Cincinnati is not alone in its efforts. Other city zoos, such as those in Atlanta, Philadelphia, Louisville, Phoenix and New York, have launched similar programs. They typically partner with Eco-Cell, an electronics recycling company based in Louisville, Ky., that provides programs to help zoos and other organizations launch recycling drives. Eco-Cell reports that it has partnerships with more than 110 zoos. It recently announced that the Cincinnati Zoo was the No. 1 zoo for cellphone collection in 2013, and Hoeweler says they intend to keep that streak going.
“It’s a great way to take conservation action because it’s easy, it allows kids and adults alike to feel like they are a part of something that has tangible results,” she says. “And who wouldn’t want to save a gorilla?”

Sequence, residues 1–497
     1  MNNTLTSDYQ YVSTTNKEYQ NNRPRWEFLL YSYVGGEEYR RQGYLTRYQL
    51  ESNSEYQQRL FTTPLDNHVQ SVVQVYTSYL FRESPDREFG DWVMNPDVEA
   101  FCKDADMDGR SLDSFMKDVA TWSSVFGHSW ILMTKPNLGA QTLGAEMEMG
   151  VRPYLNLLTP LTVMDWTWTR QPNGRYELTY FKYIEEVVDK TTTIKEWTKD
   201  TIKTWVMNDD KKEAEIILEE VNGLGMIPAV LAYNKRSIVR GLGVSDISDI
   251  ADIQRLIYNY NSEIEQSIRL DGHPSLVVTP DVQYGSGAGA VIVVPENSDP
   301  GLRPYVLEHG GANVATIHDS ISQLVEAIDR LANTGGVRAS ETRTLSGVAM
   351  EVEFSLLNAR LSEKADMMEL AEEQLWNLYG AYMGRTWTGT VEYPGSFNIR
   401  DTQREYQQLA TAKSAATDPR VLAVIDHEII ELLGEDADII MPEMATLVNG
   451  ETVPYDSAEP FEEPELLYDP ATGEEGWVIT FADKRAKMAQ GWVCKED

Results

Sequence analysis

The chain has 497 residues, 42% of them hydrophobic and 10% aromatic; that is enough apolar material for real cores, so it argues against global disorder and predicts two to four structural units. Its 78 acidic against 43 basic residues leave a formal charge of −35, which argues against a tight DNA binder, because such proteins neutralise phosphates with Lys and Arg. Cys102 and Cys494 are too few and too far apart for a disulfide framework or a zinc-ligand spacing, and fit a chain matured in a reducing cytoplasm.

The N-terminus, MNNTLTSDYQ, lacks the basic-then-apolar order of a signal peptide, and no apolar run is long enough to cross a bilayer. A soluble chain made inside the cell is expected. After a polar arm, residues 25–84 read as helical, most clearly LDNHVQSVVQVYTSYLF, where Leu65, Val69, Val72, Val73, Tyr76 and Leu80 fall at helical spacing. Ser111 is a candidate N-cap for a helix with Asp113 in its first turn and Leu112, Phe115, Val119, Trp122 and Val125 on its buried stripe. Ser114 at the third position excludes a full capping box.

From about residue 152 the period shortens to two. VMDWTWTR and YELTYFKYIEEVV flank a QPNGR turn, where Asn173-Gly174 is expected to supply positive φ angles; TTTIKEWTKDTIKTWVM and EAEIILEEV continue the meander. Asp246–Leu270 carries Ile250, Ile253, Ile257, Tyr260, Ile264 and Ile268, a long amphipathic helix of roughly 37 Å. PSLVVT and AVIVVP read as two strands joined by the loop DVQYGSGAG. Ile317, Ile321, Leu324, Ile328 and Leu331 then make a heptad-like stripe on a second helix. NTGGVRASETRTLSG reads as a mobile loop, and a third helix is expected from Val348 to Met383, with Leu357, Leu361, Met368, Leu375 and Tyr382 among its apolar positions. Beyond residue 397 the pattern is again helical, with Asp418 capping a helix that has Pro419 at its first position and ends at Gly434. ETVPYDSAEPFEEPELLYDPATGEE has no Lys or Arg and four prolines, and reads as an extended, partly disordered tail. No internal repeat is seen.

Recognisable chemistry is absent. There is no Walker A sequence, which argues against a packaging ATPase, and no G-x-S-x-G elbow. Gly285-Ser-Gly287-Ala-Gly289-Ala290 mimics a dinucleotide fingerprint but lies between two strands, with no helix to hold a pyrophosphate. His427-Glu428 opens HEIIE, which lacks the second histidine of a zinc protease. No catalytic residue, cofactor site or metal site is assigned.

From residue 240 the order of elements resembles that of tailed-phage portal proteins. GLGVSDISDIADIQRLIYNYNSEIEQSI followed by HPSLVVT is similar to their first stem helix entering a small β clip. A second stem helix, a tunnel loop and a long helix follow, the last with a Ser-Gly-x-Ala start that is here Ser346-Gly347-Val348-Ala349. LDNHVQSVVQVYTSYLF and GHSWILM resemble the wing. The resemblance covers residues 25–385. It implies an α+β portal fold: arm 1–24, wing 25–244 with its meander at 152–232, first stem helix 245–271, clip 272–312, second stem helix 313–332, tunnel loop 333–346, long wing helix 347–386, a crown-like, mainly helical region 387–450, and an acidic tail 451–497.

Eco-Cell accepts any and all cellphones – even those large, clunky models from the 1990s — and recycles them. Some of the phones go to charities that need them for emergency 911 use, while others will be recycled because they are no longer usable. The majority, however, will be refurbished and resold to first-time low-income users in areas outside the United States.
Bring Your Own Imagination
Groups and individuals who collect cellphones can use whatever method works for them; 9-year-old Brady Delaney has collected more than 350 cellphones and has set a goal to collect 1,000 phones by the end of March. One local school created a challenge promising something special for the homerooms that collected the most phones: They could throw a pie at their teacher.
“They had a huge assembly and the kids had a blast,” Hoeweler says. “It’s a great way to tie fun into a conservation story. And it teaches kids about being able to have an effect at any age on something positive.”